GM unveiled a lithium ion battery for the Volt in January. New tax credits to make advanced batteries may give Michigan a needed boost. (Stan Honda / Getty Images)
Lansing -- Michigan hopes to become the nation's leader in manufacturing of lithium ion batteries for electric and hybrid cars after awarding $300 million in tax credits Tuesday that are expected to eventually create more than 6,600 jobs.
The credits approved by the Michigan Economic Growth Authority attracted companies from across the country and Korea to be among those developing and manufacturing advanced batteries for vehicles.
Another venture also was approved for tax breaks but lawmakers first have to pass an additional $100 million in credits for the project. The three ventures announced Tuesday got the last of $555 million in cell battery tax credits that easily passed in a bipartisan effort late last year. State Sen. Jason Allen, R-Traverse City, said he has drafted the bill for the fourth venture, between LG Chem of Korea and General Motors Corp.
The projects were rolled out by a jubilant Gov. Jennifer Granholm, who said they'll help Michigan corner $2 billion in federal stimulus money earmarked for advanced battery projects. In front of the Capitol building across the street from where the announcement was made, a half-dozen electric cars and hybrid vehicles were on display, including a Chevy Volt plug-in, Ford Focus hybrid and Chrysler Town and Country hybrid minivan, which the governor took for a spin.
"These are the kinds of jobs that are going to transform Michigan," Granholm said. "We are going from rust to green."
"Michigan intends to lead the nation to energy independence through teaming (automobile manufacturers) with suppliers to mass produce lithium ion batteries, and successor batteries."
Not everyone shared the governor's glee over attracting battery manufacturers.
Russ Harding, chief environmental policy analyst with the Midland-based Mackinac Center for Public Policy, a free market think tank, said lawmakers are putting a lot of money at risk for a technology that might not pan out.
"Lets not take this chance for a new type of energy just because we can get some federal dollars," Harding said. "We heard ethanol was our fuel of the future, and we can see how that worked out -- it's too expensive, we're subsidizing it and it doesn't work.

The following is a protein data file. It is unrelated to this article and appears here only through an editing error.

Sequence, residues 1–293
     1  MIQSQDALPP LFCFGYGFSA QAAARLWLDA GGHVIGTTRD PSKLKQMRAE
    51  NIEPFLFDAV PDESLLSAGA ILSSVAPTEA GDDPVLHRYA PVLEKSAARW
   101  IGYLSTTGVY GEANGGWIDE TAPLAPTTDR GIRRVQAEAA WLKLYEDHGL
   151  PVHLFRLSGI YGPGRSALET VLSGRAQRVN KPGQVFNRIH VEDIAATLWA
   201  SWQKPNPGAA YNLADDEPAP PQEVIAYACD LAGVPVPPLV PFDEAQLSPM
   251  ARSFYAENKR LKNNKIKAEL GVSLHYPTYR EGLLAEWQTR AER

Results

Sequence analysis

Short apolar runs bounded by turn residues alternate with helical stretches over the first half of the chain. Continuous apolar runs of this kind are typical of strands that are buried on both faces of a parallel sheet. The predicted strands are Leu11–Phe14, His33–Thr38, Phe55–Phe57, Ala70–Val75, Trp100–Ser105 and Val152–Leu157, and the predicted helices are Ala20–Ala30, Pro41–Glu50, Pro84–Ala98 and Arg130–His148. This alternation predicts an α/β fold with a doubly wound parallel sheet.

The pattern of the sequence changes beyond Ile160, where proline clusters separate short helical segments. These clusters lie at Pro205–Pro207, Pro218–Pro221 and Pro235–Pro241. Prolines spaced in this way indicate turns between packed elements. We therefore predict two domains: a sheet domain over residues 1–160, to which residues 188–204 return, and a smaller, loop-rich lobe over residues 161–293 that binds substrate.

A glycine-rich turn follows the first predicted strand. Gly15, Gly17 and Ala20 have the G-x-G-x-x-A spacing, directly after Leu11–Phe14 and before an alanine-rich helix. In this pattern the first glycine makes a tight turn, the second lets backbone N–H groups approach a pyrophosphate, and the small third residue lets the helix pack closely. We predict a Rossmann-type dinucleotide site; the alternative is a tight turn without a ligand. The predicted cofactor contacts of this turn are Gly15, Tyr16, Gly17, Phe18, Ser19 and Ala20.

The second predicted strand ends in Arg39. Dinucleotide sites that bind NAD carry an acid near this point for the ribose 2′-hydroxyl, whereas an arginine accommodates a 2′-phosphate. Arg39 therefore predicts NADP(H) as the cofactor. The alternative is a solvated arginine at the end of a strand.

"I think that's where we're headed with these batteries. Ethanol, here we go again."
Ethanol's popularity has dipped along with gas prices, which average $2 a gallon.
Lithium ion batteries are not produced in the United States. The quantities made overseas are not great enough to supply the growing demand for batteries for U.S.-made vehicles.
The four battery projects would invest $1.7 billion to launch advanced battery manufacturing facilities in Michigan -- one each in Livonia and Holland, with the other two locations to be announced.
The ventures plan to file applications for federal stimulus money, due by May 19 to the U.S. Department of Energy. Up to eight advanced battery projects will share $2 billion in federal grants to be awarded by mid-July.
Mary Ann Wright, CEO of Johnson Controls-Saft, said the venture will be up and running in 12 months once federal funding is approved. She wouldn't say what would happen if the company isn't approved for federal money. But she said the Michigan tax credit will give the company a decided edge in the application process.
"Certainly it would be a challenge (without the federal funding)," Wright said. "We have the Michigan investment, the customers, the manufacturing know-how and our new site already selected."
David Cole, chairman of the Ann Arbor-based Center for Automotive Research, said the lithium ion battery is a proven technology with promise of reinvigorating Detroit's auto industry.
"This is the real deal. This battery technology works. The real challenge is to get the costs in line so it's competitive," Cole said. "It looks like it's absolutely key to the development of electric vehicles."
Lawmakers would have to approve an additional $100 million in battery cell tax credits to fund a fourth project by Compact Power, a partnership between LG Chem of Korea and General Motors Corp. The company will get a $100 million battery cell state tax credit over four years, plus a state tax credit valued at $48.5 million over 15 years.